Russian Bonds Gain as SocGen Touts Ruble Assets on Oil Outlook

  • Yields on government's 2027 bonds decline to a seven-day low
  • BofA cuts projection for size of December rate cut by half

Russian government bonds rose, pushing yields to the lowest in seven days, as Societe Generale SA recommended buying ruble-based assets on expectations the price of oil will rise.

The yield on government bonds due February 2027 fell four basis points to 9.58 percent, heading for the lowest level since Nov. 23. The ruble gained 0.1 percent against the dollar to 66.5500 by 6:22 p.m. in Moscow as Brent oil, the benchmark for Russia’s main export blend, climbed 0.6 percent in London trading.

SocGen said eastern Europe is a “favorite region” and predicted Brent will reach $60 a barrel by the end of 2016. The upside for bond prices may be limited as Bank of America Corp. reduced its rate cut outlook for this month by half to 50 basis points, saying risks from sanctions against Turkey could push up inflation. Barclays and Raiffeisenbank forecast Governor Elvira Nabiullina will skip a rate cut altogether at the Dec. 11 meeting.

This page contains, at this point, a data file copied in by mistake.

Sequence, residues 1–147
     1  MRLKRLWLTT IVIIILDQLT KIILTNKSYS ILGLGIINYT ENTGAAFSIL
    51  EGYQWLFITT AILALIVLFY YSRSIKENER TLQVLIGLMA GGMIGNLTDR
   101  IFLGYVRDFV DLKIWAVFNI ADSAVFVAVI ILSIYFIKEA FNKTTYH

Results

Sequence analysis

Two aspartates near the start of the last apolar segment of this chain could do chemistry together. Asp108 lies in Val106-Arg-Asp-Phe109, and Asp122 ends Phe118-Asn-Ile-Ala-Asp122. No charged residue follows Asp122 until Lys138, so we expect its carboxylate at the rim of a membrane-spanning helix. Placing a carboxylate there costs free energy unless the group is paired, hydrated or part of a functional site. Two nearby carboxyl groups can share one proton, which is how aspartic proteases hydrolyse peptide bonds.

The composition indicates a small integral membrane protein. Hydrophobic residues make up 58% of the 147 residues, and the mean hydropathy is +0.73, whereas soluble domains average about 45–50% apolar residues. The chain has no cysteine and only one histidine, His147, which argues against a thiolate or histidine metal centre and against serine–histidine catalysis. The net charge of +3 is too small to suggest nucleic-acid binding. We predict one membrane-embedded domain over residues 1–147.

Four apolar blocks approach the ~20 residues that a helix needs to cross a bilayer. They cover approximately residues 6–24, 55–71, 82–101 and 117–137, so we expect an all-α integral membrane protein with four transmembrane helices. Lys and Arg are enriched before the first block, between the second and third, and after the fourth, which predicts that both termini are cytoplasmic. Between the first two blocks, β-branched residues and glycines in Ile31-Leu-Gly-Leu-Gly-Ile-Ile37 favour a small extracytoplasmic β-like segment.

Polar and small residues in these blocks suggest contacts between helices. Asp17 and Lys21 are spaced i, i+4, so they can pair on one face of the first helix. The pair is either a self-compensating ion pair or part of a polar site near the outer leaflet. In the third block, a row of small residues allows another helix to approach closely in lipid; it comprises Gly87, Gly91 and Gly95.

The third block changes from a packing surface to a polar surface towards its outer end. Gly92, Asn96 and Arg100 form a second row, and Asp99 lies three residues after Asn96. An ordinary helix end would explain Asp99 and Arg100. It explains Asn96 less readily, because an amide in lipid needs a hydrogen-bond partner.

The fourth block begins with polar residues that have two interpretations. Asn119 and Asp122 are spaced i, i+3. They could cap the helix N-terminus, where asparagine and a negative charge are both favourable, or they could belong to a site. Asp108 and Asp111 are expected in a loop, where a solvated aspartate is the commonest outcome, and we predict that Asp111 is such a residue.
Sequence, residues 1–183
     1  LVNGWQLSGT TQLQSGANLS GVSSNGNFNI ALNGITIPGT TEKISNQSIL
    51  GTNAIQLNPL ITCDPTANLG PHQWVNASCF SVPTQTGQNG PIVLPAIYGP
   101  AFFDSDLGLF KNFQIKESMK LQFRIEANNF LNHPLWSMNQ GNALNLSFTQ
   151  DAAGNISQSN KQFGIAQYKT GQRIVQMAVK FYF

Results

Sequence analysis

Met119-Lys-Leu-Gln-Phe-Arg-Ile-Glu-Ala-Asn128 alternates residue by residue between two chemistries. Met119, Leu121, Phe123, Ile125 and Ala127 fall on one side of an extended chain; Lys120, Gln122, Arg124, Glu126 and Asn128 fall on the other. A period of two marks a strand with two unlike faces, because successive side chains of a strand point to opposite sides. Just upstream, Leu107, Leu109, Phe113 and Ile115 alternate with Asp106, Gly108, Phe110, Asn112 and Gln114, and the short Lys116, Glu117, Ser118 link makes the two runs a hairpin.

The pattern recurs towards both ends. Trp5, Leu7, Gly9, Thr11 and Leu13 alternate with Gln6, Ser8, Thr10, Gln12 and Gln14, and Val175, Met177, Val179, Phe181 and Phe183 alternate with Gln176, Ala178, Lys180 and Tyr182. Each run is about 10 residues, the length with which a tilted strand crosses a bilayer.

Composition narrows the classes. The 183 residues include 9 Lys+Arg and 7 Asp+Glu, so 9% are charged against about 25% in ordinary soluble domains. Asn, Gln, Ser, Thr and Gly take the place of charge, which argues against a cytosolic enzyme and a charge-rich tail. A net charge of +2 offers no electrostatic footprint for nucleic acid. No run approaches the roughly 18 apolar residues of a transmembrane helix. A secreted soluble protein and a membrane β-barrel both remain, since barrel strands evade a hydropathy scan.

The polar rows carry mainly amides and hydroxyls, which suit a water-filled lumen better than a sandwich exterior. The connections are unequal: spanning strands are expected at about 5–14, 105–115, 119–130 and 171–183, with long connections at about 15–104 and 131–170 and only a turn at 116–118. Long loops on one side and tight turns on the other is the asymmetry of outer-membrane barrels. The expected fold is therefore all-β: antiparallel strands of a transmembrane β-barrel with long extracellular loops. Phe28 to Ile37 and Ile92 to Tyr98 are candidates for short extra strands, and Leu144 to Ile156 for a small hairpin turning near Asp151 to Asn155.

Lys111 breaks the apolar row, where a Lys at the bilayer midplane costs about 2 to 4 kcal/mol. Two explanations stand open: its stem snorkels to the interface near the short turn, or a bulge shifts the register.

"Issues with Turkey do pose inflation risks, but the main factor is the currency stability, and it looks like here the main move has already passed - unless oil plunges again," Dmitry Dudkin, head of fixed-income research at UralSib Capital in Moscow, said by e-mail. Turkey’s downing of a Russian warplane last week wasn’t enough to dent investor optimism for ruble assets for 2016, he said.

Russia, which relies on oil for about 50 percent of its budget revenue, imposed bans on imports of Turkish fruit and vegetables in retaliation for the incident. That may cause inflation to rise by 2 percentage points, according to Alfa-Bank analysts.

The Micex Index was little changed at 1,770 after four days of declines.

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